Supplement your food with a minimum of 80g of:

  • Kidney beans
  • Soybeans
  • Chickpeas
  • Peas
  • Pulses
  • Beans
  • Peanuts
  • Dried beans
  • Hummus
  • Black beans and other products

Nuts and seeds

Remember to eat a handful of nuts, seeds and dried fruits every day to get sufficient calories essential for supporting the pregnancy. Consume at least one serving of nuts and seeds a day. Each serving must be of 30g.

You can include:

  • Dates
  • Figs
  • Prunes
  • Walnuts
  • Almonds
  • Cashews
  • Pistachios

These nuts and seeds strengthen your uterus muscles, provide protein, reduce constipation and benefit you in several ways.

Protein-rich foods

Protein is essential for building your cells and plays a vital role in your baby’s development. So, increase the intake of protein-rich food in your diet for first trimester of pregnancy. You can eat:

  • Beans- soybeans, kidney beans, black beans
  • Pulses – boiled
  • Fish (salmon, mackerel or sardines) – not more than 2 portions a week
  • Lean meat – chicken, pork or turkey but avoid liver
  • Eggs – excellent protein source, but avoid eating raw and undercooked eggs  

What to Avoid Eating During First Trimester of Pregnancy

As it is essential to include rainbow colour fruits and vegetables in your pregnancy diet, you must avoid unhealthy foods during the first trimester of pregnancy.

Avoid the following foods for a safe and healthy gestation: Food with high mercury levels:

Avoid food that has high mercury levels in it. Mercury is a toxic element that can damage your nervous system, brain development, immune system, kidney and lung function. It also affects hearing and vision abilities. 

Do not eat:

  • Tuna (bigeye tuna)
  • Shark
  • King mackerel
  • Marlin
  • Swordfish
  • Tilefish

Organ meat

Organ meat provides loads of nutrients and vitamins that are good for your baby’s growth. However, too much of animal-based vitamin A in the first trimester of pregnancy may result in miscarriage and congenital malformations.

Undercooked and unwashed food:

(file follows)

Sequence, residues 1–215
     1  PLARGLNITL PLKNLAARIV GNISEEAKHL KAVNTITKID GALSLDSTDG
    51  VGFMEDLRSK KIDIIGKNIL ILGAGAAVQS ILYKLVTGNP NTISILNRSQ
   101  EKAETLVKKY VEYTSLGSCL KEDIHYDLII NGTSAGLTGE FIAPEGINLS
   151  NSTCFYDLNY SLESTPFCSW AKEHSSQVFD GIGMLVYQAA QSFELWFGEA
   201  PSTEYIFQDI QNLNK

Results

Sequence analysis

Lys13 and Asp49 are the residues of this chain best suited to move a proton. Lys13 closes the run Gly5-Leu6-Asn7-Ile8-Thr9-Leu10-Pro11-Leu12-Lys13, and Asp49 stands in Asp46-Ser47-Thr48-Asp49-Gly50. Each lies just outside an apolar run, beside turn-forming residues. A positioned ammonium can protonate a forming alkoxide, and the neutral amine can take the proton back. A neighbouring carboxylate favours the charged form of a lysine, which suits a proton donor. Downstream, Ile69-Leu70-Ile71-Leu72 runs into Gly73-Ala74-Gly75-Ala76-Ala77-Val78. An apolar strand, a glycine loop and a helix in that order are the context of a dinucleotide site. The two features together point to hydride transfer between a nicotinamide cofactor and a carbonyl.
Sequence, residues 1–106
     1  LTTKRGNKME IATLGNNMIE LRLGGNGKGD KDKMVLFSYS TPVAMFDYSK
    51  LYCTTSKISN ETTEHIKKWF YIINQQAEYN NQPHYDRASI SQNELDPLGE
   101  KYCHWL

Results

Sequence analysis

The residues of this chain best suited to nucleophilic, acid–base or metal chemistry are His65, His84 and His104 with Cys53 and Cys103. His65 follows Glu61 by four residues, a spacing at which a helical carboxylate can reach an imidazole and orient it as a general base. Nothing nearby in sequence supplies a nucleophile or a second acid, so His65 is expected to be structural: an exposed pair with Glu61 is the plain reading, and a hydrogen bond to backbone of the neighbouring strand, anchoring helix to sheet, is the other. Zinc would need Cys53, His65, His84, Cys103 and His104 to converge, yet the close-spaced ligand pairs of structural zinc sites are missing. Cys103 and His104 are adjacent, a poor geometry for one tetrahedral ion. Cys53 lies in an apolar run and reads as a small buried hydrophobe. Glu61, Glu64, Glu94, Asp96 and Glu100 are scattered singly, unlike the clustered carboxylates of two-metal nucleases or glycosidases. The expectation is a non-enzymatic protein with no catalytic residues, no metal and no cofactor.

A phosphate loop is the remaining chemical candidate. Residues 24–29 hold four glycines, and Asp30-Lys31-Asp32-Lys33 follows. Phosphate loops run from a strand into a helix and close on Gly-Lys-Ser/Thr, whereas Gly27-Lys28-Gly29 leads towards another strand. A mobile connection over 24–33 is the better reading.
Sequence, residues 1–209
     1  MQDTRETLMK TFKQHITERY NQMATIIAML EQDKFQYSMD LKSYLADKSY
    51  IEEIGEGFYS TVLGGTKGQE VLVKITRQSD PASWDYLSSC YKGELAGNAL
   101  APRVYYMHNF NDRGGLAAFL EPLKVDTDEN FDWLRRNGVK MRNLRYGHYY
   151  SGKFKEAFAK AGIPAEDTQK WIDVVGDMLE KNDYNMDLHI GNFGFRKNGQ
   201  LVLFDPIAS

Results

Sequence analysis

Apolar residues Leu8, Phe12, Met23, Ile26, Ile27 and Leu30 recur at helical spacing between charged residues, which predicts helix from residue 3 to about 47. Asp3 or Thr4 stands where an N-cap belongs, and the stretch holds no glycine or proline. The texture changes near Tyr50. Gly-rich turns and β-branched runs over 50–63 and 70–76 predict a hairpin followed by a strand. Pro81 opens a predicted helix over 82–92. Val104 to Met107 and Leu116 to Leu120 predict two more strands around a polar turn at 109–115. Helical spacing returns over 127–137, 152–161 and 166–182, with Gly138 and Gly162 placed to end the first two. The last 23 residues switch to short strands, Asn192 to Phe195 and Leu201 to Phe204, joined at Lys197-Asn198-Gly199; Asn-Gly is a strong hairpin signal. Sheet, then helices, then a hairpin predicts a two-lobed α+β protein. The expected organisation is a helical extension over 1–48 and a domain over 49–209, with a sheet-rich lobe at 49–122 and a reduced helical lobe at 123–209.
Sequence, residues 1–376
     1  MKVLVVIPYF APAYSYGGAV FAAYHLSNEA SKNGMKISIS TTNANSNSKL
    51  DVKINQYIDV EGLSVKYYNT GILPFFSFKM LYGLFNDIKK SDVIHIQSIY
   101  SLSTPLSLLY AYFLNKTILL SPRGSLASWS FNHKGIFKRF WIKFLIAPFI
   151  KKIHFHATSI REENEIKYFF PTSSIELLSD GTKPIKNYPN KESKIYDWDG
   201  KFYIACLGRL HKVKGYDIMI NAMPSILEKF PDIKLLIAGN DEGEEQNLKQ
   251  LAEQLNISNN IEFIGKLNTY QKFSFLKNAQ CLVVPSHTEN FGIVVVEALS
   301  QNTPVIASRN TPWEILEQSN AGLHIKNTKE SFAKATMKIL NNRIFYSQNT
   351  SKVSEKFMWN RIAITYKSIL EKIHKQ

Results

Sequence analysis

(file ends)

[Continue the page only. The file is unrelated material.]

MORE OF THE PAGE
Do not eat unwashed and unpeeled fruits and vegetables during your gestation period as it may be polluted with several bacteria, such as Salmonella, Listeria and E. coli. Also, avoid undercooked or uncooked food to reduce the risk of contamination, infection and pathogens in food.

Unpasteurized cheese and milk:

Avoid unpasteurized milk, juice and soft mould-ripened cheese. Eating Brie, Camembert, or blue-veined cheese types may cause listeria infection that may be dangerous to expecting moms and their babies.

Smoking and drinking:

According to the Centers for Disease Control and Prevention, US, pregnant women who smoke are at risk of miscarriage than women who do not smoke. Also, smoking during pregnancy increases the risk of birth defects, such as cleft palate/ cleft lip, underweight babies, premature birth and stillbirth. 

Also, drinking alcohol during pregnancy increases the probability of stillbirth and miscarriage and affects normal brain development in babies.

Processed or junk food:

You need to consume fresh and nutrition-dense food for a healthy gestation. Therefore, you must avert processed junk food in pregnancy. Processed foods are high in unhealthy fats, sugars and empty calories that may lead to excess weight gain and the threat of gestational diabetes and birth complications.

Raw sprouts

Though eating salads is the right choice in your gestation period, raw sprouts may be contaminated with Salmonella bacteria. Therefore, the FDA recommends not to eat raw sprouts. You can eat them after they are cooked.


The American College of Obstetricians and Gynecologists (ACOG) advises expecting moms to curb their caffeine consumption to less 200mg per day. This is because caffeine can be easily absorbed and passed into the placenta. This may interfere with foetal growth and result in low birth weight.

So, it is not only important to eat a healthy diet for first trimester of pregnancy but also to avoid foods that are unhealthy for you and your unborn.